A client comment I hear often, “I never knew stretching could feel so good, it’s exactly what my body wanted but never knew it needed”.

The entire session is an assessment by the therapist who identifies areas of restriction of natural movement. Instead of focusing on individual muscles, this style of stretch asses and addresses the entire fascia line that connects chains of muscles, joints, ligaments, tendons, nerves and blood vessels via connective tissue. For example, we do not address just the tight hamstring, but rather the entire fascia line (superficial back line) that they sit in, that connects the bottom of the foot, all the way up the back body, ending just above the eyebrows. By assessing and stretching the entire line, the hamstrings are better able to lengthen safely.


Stretch Therapy is valuable to every modern body that finds they are forced to remain stationary for long periods of time, has too little time or motivation to include stretching into their routine, from the athlete, to the weekend warrior, to the workaholic, to the stay at home parent who has little time to treat themselves to an hour of bliss. Human touch is healing, movement is medicine, Stretch Therapy offers an insight into the wonderful potential of each and every body to move freely and joyfully.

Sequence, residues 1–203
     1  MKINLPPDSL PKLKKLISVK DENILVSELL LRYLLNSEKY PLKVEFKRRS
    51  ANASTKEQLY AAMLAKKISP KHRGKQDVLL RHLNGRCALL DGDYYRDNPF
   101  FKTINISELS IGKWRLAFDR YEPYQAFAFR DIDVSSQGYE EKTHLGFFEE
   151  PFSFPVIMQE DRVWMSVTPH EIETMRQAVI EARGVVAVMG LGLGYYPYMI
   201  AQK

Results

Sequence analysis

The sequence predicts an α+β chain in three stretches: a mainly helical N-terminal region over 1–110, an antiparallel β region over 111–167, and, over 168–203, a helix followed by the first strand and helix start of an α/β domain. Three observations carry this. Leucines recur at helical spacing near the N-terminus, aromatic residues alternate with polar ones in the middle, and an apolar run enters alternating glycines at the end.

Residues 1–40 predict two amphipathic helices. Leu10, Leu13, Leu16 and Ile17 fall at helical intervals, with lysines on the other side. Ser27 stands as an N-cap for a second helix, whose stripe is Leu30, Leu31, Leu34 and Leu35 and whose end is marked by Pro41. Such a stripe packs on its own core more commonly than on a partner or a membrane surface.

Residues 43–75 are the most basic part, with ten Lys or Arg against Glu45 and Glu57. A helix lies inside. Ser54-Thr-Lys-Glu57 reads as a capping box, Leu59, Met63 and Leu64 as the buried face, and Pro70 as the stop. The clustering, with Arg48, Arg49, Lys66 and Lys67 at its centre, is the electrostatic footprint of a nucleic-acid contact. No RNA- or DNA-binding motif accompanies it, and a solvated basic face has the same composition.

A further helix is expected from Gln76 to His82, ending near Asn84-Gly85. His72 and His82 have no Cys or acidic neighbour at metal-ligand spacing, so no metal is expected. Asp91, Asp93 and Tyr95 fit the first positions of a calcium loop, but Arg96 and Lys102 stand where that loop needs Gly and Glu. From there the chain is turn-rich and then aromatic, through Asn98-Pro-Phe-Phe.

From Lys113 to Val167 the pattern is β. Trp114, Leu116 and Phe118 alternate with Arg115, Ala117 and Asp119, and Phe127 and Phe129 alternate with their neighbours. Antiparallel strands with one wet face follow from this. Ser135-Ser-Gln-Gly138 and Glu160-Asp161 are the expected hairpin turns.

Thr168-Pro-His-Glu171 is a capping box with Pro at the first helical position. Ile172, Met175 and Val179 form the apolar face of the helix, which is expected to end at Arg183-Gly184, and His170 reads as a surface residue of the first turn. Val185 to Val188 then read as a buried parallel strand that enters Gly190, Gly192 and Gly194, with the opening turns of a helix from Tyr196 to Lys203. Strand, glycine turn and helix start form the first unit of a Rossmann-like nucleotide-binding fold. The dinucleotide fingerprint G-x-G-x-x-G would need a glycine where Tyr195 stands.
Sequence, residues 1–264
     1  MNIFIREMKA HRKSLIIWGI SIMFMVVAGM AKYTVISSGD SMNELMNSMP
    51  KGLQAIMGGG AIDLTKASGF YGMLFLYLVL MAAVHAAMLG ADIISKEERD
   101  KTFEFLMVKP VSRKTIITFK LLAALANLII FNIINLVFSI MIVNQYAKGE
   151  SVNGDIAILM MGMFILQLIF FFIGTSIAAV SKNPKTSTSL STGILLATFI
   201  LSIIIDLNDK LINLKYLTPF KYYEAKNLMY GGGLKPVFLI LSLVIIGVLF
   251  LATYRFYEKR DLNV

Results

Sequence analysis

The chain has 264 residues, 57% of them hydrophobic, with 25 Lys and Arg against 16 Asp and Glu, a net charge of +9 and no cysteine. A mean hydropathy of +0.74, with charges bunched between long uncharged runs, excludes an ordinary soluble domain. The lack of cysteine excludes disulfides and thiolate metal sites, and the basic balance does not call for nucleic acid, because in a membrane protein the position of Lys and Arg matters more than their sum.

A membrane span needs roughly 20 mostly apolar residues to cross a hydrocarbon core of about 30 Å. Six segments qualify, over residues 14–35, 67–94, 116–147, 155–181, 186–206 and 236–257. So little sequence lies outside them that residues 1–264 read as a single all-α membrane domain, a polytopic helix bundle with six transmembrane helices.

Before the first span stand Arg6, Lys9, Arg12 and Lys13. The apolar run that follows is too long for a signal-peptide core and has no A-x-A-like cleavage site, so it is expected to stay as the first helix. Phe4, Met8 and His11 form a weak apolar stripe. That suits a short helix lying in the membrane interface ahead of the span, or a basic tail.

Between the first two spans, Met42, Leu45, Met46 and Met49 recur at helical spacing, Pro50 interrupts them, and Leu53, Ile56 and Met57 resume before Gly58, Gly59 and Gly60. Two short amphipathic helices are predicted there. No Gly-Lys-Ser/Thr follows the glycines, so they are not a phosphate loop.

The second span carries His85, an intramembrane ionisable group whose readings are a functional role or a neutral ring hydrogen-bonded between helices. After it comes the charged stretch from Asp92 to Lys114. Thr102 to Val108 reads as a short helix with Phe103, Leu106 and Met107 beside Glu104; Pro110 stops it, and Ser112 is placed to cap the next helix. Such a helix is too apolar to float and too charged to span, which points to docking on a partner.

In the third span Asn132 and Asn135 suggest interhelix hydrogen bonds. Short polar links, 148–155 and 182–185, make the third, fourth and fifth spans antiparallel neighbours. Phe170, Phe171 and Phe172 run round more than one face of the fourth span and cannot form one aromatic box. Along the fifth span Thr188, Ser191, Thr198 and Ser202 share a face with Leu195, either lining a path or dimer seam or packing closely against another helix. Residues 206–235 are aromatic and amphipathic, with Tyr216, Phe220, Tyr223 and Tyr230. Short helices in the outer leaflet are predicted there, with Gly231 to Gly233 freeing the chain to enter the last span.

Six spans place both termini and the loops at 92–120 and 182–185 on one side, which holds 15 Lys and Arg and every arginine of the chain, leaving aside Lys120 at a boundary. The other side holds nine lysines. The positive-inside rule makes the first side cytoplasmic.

For those who are very restricted, a weekly session is recommended, and as the range of movement improves, we scale back to more of a maintenance regime of once every two weeks or once a month.


Although the Stretch Therapy addresses many tension imbalances in the body, often there is a long history of dysfunction that needs more tools to correct the pattern. For those who suffer from reoccurring injury or tightness that will not relent, I include Be Activated Muscle Testing and Activations. Here were test various muscle groups for under or overactivity, we activate or switch on neural drive to under-active muscles and make reciprocal-partner muscles work better together to stabilise a joint. This is an amazing tool to combine with the Stretch Therapy, particularly for those who take their physical training seriously. Should the activations work well on a client, homework activations are taught to the client to continue their gains. 

Currently there are only four certified Fascia Stretch Therapists™ in South Africa, and only two of those are Level 2 FST™ certified. Training is done in either Arizona, USA or Toronto, Canada. This style of assisted stretch is massively popular overseas and is set to follow suit in South Africa as more and more people recognize the importance of flexibility and mobility in maintaining a healthy and happy body.

Carly Bowden is based in Sandton – bookings can be made here.

In Linden, bookings can be made with Adele van der Walt here.

Photo credit: Chloe O’Dogherty from Kiss Kiss Photography. Model: